This ballad dates back to 1611. It is also known as "The Twa Corbies." According to the The Viking Book of Folk Ballads of the English -Speaking World the song deals with primitive superstition. "Perhaps in the folk mind the doe is the form the soul of a human mistress, now dead, has taken. Or it may be that the doe was considered an animal - paramour of the dead knight. Most probably the knight's beloved was understood to be an enchanted woman who was metamorphosed at certain times into an animal.

The Three Ravens
by Lesley Nelson

There were three ra'ens sat on a tree,
Down a down, hey down, hey down,
They were as black as black might be,
With a down.
The one of them said to his mate,
"Where shall we our breakfast take?"
With a down, derry, derry, derry down, down

"Down in yonder green field,
Down a down, hey down, hey down,
There lies a knight slain 'neath his shield,
With a down.
His hounds they lie down at his feet,
So well they do their master keep,
With a down, derry, derry, derry down, down

His hawks they fly so eagerly,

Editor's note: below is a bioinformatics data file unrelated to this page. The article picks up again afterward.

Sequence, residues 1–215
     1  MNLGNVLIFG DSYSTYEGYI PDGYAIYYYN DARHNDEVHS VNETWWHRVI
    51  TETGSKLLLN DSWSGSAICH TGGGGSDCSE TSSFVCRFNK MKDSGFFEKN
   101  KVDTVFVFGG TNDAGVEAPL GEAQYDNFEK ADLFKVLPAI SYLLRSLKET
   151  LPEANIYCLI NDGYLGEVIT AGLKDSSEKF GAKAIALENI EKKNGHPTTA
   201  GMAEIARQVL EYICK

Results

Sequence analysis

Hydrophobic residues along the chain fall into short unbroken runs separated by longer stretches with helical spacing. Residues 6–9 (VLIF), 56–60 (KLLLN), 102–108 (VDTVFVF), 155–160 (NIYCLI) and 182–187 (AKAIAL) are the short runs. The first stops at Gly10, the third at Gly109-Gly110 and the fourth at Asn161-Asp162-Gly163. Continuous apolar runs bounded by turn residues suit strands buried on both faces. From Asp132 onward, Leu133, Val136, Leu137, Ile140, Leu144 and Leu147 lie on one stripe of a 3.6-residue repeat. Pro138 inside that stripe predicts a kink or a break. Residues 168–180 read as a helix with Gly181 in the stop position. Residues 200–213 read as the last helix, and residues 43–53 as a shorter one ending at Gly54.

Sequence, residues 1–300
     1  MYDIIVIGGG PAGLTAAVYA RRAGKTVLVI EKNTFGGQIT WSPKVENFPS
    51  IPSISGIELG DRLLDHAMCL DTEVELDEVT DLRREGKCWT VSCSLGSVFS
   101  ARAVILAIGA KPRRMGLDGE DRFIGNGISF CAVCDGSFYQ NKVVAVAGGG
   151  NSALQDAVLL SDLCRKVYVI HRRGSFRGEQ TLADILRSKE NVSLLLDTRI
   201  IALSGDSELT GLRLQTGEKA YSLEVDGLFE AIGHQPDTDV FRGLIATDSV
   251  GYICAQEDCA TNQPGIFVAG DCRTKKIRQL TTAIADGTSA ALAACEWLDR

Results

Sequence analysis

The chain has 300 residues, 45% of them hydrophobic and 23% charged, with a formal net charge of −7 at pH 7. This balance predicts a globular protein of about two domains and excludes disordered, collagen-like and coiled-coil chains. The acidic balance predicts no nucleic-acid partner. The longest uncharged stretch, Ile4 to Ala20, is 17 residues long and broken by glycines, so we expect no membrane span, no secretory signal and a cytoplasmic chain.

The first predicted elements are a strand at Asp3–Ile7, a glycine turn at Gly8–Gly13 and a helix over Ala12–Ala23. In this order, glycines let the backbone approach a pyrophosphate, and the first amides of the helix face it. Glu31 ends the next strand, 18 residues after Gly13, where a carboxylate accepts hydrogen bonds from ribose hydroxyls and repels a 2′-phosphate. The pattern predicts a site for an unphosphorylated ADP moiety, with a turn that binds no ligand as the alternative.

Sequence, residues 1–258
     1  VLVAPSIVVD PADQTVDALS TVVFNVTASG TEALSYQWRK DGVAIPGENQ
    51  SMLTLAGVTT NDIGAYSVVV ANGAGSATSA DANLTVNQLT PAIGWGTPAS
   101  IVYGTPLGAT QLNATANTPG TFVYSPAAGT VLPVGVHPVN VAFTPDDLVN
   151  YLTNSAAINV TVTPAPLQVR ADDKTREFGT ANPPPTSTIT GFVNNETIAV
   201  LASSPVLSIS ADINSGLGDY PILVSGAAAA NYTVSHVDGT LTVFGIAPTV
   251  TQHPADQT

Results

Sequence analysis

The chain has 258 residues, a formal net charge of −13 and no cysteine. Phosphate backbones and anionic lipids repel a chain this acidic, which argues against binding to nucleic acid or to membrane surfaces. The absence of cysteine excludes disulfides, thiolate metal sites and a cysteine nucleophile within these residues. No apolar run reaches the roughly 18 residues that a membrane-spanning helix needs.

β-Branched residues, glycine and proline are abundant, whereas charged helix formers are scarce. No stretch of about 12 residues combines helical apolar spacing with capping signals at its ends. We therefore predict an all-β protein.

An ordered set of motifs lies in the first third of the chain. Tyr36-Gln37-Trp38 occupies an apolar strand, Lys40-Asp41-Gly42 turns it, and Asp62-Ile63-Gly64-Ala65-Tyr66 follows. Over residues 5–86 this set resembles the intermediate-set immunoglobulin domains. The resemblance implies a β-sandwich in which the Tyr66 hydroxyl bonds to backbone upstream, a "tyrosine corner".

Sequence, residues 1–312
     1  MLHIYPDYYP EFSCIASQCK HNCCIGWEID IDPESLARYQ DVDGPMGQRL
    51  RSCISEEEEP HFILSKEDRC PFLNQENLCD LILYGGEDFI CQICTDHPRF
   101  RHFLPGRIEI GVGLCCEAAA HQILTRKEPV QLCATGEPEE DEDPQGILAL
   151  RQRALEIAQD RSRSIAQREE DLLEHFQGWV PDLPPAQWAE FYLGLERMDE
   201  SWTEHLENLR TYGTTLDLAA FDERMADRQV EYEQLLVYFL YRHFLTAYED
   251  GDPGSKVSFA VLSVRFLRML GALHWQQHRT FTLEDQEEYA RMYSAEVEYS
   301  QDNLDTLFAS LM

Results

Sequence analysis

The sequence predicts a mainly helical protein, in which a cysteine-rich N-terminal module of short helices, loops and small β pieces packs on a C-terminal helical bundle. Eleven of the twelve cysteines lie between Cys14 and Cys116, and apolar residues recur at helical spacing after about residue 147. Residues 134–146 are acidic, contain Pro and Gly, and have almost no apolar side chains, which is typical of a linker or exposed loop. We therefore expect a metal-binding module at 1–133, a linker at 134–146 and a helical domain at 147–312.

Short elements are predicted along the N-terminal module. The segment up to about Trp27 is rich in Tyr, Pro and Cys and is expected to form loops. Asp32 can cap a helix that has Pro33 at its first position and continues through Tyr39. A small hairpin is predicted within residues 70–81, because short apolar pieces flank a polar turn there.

Down a down, hey down, hey down,
No other fowl dare come him night,
With a down.
Down there comes a fallow doe
As great with young as might she go
With a down, derry, derry, derry down, down

She lifted up his bloody head,
Down a down, hey down, hey down,
And kissed his wounds that were so red,
With a down.
She got him up upon her back,
And carried him to earthen lake,
With a down, derry, derry, derry down, down

She buried him before the prime
Down a down, hey down, hey down,
She was dead herself ere e'en-song time,
With a down.
God send every gentleman,
Such hawks, such hounds, and such a leman.
With a down, derry, derry, derry down, down

From: Folk Songs of England, Ireland, Scotland and Wales

<BGSOUND SRC="3ravens.mid"> Download Midi File


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